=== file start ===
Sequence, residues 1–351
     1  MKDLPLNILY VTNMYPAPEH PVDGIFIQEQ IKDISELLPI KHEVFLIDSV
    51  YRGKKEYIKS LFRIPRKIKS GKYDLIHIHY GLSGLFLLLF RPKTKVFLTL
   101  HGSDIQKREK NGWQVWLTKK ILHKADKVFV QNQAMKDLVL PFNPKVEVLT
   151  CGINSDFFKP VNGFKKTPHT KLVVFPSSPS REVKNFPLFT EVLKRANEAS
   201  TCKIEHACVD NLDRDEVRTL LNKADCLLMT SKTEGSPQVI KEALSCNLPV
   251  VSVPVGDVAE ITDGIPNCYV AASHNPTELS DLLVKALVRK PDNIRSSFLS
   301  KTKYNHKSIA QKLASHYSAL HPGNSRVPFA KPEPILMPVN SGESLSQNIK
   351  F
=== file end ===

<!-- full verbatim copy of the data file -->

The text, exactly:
Sequence, residues 1–351
     1  MKDLPLNILY VTNMYPAPEH PVDGIFIQEQ IKDISELLPI KHEVFLIDSV
    51  YRGKKEYIKS LFRIPRKIKS GKYDLIHIHY GLSGLFLLLF RPKTKVFLTL
   101  HGSDIQKREK NGWQVWLTKK ILHKADKVFV QNQAMKDLVL PFNPKVEVLT
   151  CGINSDFFKP VNGFKKTPHT KLVVFPSSPS REVKNFPLFT EVLKRANEAS
   201  TCKIEHACVD NLDRDEVRTL LNKADCLLMT SKTEGSPQVI KEALSCNLPV
   251  VSVPVGDVAE ITDGIPNCYV AASHNPTELS DLLVKALVRK PDNIRSSFLS
   301  KTKYNHKSIA QKLASHYSAL HPGNSRVPFA KPEPILMPVN SGESLSQNIK
   351  F